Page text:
Some More Novels I Liked

A few books from my summer reading list…

 

The SignalThe Signal by Ron Carlson
My rating: 4 of 5 stars

I must confess a soft spot for this book, having backpacked some of the same territory that estranged couple Mack and Vonnie traverse in this short and (somewhat) sweet novel. Carlson does a wonderful job of creating a sense of place and giving the reader enough technical jargon to put them squarely in the Wyoming back country. His style of dialogue is clipped and spare, and this, combined with vivid descriptions of the rugged terrain Mack and Vonnie cross, gives the story a style and voice all its own. In particular, the scene where the couple fly fish for trout in a high alpine lake had me longing for the mountains big time and single-handedly earned the book its fourth star.

 

Having said all this, the story itself was just OK–workable, but nothing to write home about. (three stars at best) The couple are on their last annual trip together into the mountains to basically say goodbye to each other, wrestling with some personal demons along the way. And Mack’s search for the source of “The Signal” results in a less than thrilling confrontation with a somewhat undeveloped antagonist.

 

Recommended for lovers of rugged, descriptive fiction, not so much for die-hard thriller fans.

 

Goodreads Book Description:
Backpacking into the Wind River Mountains on their tenth annual trip, Mack and his wife, Vonnie, find the magnificent woods and stunning mountains of Wyoming full of ghosts and danger. Mack comes from a long line of ranchers, and his dedication to keeping the family land has led him into penury and a life of crime. Vonnie is a fiercely intelligent, headstrong girl who came west for love, only to have it stolen from her bit by bit.

 

They’ve made this trip to say goodbye to each other, but as they navigate the trails they know so well, they come to understand the true nature of their wounds. And Mack has one more secret: he is trying to receive a signal and retrieve something that has fallen from the sky. It is a beacon that will lead them into a wood far darker than they’ve ever imagined. Ron Carlson’s love for the mountains and his mastery of fiction radiate in the pages of this thrilling, fast-paced love story.

 

The Tortilla CurtainThe Tortilla Curtain by T.C. Boyle
My rating: 5 of 5 stars

This is one of those “ripped from the headlines” novels (despite being published over twenty years ago) that is especially poignant in today’s political climate.

 

The Tortilla Curtain tells the story of two couples set on a collision course with each other: Delaney and Kyra–successful, self-described liberals from suburban Los Angeles, and Candido and America–Mexican illegals scraping out a meager but hopeful existence on the outskirts of Delaney and Kyra’s affluent, gated community.

 

I enjoy stories that challenge the ‘right and wrong,’ ‘black and white’ mindset that is all too easy to fall back on with social and political issues, and TC Boyle pulls this off brilliantly.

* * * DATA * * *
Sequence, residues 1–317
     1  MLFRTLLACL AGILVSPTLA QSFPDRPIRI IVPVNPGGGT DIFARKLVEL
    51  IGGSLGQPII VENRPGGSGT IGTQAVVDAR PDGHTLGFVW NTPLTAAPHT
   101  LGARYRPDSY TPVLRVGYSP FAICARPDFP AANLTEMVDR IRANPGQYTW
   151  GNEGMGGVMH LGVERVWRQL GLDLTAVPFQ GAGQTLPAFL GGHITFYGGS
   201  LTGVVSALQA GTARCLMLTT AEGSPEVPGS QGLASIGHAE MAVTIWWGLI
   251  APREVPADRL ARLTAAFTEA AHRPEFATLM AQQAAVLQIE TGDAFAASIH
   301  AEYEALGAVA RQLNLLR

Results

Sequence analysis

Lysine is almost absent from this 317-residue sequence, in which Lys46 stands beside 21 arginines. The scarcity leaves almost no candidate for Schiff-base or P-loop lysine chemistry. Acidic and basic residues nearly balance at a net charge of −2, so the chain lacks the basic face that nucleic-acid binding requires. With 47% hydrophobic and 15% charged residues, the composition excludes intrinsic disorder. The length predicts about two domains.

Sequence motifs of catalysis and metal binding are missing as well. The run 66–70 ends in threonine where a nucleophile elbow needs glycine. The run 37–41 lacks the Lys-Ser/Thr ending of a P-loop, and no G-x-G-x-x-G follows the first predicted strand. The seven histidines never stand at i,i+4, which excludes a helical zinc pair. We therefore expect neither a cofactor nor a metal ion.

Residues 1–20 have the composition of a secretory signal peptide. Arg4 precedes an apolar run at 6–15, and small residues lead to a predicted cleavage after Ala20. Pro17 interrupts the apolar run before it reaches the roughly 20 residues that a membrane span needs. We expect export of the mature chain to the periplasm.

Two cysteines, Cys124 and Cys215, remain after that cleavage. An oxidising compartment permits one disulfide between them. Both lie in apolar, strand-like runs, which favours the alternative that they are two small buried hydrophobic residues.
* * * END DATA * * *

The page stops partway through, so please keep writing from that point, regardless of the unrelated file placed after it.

Goodreads Book Description:
Topanga Canyon is home to two couples on a collision course. Los Angeles liberals Delaney and Kyra Mossbacher lead an ordered sushi-and-recycling existence in a newly gated hilltop community: he a sensitive nature writer, she an obsessive realtor. Mexican illegals Candido and America Rincon desperately cling to their vision of the American Dream as they fight off starvation in a makeshift camp deep in the ravine. From the moment a freak accident brings Candido and Delaney into intimate contact, these four and their opposing worlds gradually intersect in what becomes a tragicomedy of error and misunderstanding.
 

LunaticsLunatics by Dave Barry
My rating: 4 of 5 stars

Two ordinary men with nothing in common find themselves inextricably connected after they are mistakenly accused of domestic terrorism. As they try to get a handle on how this happened, the stakes rise as they become embroiled in world affairs and international politics.

 

This is one of those “what more could possibly go wrong” stories, with each successive pickle the men find themselves in more ludicrous than the last. Given Barry’s reputation, I had high hopes for a funny and entertaining read, and I wasn’t disappointed. It started out slow for me, but as the story went on, I eventually found myself laughing out loud.

 

Not highbrow literature by any means, but funny, entertaining and satisfying.

 

Goodreads Book Description:
One of them is a bestselling Pulitzer Prize-winning humorist. The other is a winner of the Thurber Prize for American Humor. Together, they form the League of Comic Justice, battling evildoers in the name of . . . Okay, we made that line up. What they do form is a writing team of pure comic genius, and they will have you laughing like idiots.

 

Philip Horkman is a happy man-the owner of a pet store called The Wine Shop, and on Sundays a referee for kids’ soccer. Jeffrey Peckerman is the sole sane person in a world filled with goddamned jerks and morons, and he’s having a really bad day. The two of them are about to collide in a swiftly escalating series of events that will send them running for their lives, pursued by the police, soldiers, terrorists, subversives, bears, and a man dressed as Chuck E. Cheese.

 

Where that all takes them you can’t begin to guess, but the literary journey there is a masterpiece of inspiration and mayhem. But what else would you expect from the League of Comic Justice?

 

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